by Steven Pisano
Brandee Younger may be one of the most talented jazz musicians on the scene today. But there are many music lovers, even jazz aficionados, who seem not to have heard her name. Maybe that's because she doesn't play the saxophone, or the trumpet, or the piano, or the drums.
Younger plays the harp. That's right, the harp. Quick, who else can you think of that played the harp? You might say Harpo Marx or, perhaps the angels in heaven. Most often heard as part of a classical orchestra, the harp just does not bring to mind a long list of players. In jazz, there's Alice Coltrane and Dorothy Ashby, both of whom Ms. Younger refers to reverentially each time she performs, as if she's tried to absorb their spirits into her music in a way that you can't think about one without thinking about all three. Coltrane may have been married to one of the greatest saxophonists ever, but Ashby was the true pathbreaker, playing bebop jazz from the late 1950s through the 1960s and later, her chops just as strong as players on other instruments.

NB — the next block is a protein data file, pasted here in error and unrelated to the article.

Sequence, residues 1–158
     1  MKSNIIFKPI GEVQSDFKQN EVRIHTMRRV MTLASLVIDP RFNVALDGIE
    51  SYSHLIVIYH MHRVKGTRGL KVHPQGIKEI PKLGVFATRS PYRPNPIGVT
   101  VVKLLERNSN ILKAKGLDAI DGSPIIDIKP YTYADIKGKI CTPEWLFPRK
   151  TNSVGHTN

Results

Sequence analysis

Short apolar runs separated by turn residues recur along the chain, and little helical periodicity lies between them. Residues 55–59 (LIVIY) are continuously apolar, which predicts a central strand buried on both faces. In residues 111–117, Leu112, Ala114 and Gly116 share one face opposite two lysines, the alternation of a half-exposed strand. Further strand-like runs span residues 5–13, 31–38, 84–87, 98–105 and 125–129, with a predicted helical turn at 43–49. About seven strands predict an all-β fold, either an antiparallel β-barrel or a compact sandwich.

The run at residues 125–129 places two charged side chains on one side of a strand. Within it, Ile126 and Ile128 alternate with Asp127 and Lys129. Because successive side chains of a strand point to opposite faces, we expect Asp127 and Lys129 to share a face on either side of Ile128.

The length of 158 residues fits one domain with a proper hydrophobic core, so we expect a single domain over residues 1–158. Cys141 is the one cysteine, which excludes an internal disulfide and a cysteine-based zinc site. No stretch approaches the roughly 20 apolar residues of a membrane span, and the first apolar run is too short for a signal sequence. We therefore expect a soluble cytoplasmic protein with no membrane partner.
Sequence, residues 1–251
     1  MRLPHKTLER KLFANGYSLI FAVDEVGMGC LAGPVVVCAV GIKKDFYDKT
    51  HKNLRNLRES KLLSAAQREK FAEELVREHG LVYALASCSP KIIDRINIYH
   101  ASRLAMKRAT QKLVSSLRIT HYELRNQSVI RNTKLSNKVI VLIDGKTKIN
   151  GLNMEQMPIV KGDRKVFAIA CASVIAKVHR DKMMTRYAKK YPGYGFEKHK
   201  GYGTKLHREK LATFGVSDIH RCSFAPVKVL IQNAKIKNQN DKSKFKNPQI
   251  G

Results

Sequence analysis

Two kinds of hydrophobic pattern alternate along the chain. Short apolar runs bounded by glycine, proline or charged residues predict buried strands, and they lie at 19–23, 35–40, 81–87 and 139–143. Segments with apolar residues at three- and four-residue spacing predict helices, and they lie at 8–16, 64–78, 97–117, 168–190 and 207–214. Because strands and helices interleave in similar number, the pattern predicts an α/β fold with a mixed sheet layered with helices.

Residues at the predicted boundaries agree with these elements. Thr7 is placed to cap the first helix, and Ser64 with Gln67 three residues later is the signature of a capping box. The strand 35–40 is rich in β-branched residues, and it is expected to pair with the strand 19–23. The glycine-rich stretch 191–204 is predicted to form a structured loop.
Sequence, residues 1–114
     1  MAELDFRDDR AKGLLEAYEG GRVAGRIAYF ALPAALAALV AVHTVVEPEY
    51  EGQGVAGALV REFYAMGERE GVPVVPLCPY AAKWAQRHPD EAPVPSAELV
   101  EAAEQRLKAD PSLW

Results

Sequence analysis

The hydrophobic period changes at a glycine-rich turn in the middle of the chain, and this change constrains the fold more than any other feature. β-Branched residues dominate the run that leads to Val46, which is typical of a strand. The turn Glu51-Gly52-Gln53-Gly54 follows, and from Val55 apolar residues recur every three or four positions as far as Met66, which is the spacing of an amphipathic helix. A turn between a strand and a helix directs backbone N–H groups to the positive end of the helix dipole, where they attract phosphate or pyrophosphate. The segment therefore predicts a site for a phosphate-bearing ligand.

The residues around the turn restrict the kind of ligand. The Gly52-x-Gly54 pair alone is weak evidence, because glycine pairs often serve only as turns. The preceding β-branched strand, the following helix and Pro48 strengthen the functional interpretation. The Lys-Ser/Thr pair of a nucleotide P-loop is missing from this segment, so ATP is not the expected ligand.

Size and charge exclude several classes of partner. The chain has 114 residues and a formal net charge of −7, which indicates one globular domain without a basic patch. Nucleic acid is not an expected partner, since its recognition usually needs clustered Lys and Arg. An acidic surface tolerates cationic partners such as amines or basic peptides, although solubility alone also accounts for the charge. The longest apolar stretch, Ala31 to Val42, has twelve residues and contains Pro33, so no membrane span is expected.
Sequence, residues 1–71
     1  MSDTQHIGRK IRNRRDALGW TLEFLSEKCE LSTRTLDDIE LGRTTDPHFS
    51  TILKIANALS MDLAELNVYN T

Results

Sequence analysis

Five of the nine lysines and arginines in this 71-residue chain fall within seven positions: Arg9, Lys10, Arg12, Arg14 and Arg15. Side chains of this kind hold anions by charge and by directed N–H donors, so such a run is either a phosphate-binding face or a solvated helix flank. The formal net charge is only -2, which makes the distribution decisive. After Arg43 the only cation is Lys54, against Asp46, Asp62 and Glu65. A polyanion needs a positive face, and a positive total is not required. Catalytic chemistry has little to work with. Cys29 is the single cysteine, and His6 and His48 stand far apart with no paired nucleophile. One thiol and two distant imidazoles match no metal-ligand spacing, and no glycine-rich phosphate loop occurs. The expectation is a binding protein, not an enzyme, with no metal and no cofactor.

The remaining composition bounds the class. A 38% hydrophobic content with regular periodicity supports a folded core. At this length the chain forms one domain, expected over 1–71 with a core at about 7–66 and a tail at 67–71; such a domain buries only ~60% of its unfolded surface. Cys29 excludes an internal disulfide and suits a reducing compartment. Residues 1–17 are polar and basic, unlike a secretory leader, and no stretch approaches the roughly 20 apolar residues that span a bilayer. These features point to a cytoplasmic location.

When I first saw Ms. Younger last fall playing the first annual BRIC JazzFest, she made me a lifelong fan on the spot. She more than held her own, often topping her bandmates in a strong set of hard swinging jazz. I was thunderstruck. How could a harp--a half-joke of an instrument usually confined to playing celestial glissandos--rock out as hard as a saxophone? If Younger played any other instrument, she would be at the crown of the current jazz pantheon, a jazz goddess headlining the best jazz spots on earth.
At BRIC's Celebrate Brooklyn! Festival on July 21, Ms. Younger, accompanied only by an upright bass player, displayed a more muted and thoughtful side. And yet she held the audience at the Prospect Park Bandshell spellbound with her taut rhythms and command of the material, performing compositions by Ashby and Coltrane, in addition to her own. My advice: When you see Ms. Younger playing at a club near you, you need to (politely) shove people out of the way and get yourself a seat. You will never think of the harp in the same way again.
Younger's set was a measured and magical lead-in to the evening's main performance, the full-length dance work "Black Girl: Linguistic Play," by Camille A. Brown & Dancers. Suffice it to say that the dance was superb, capturing the verve and sass of young black girls in the city trying to find their way as young women. It's worth noting that the dance was not performed to a recorded soundtrack, but was performed live by pianist Scott Patterson and electric bassist Tracy Wormworth.
(More photos can be found here.)